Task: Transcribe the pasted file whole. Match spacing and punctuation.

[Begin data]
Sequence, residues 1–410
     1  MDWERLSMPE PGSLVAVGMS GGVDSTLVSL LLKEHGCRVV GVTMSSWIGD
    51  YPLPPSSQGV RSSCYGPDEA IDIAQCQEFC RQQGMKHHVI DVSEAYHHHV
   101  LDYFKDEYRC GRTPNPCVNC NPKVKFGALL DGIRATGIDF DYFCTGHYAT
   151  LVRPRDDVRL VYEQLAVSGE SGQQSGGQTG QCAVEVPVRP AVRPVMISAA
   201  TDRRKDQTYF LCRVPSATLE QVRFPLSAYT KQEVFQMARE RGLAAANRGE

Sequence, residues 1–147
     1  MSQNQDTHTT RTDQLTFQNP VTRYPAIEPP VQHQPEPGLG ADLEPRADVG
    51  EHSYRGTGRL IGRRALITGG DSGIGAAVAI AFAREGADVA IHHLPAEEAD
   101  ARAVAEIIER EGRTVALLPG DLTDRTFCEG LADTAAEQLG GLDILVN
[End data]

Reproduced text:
Sequence, residues 1–410
     1  MDWERLSMPE PGSLVAVGMS GGVDSTLVSL LLKEHGCRVV GVTMSSWIGD
    51  YPLPPSSQGV RSSCYGPDEA IDIAQCQEFC RQQGMKHHVI DVSEAYHHHV
   101  LDYFKDEYRC GRTPNPCVNC NPKVKFGALL DGIRATGIDF DYFCTGHYAT
   151  LVRPRDDVRL VYEQLAVSGE SGQQSGGQTG QCAVEVPVRP AVRPVMISAA
   201  TDRRKDQTYF LCRVPSATLE QVRFPLSAYT KQEVFQMARE RGLAAANRGE

Sequence, residues 1–147
     1  MSQNQDTHTT RTDQLTFQNP VTRYPAIEPP VQHQPEPGLG ADLEPRADVG
    51  EHSYRGTGRL IGRRALITGG DSGIGAAVAI AFAREGADVA IHHLPAEEAD
   101  ARAVAEIIER EGRTVALLPG DLTDRTFCEG LADTAAEQLG GLDILVN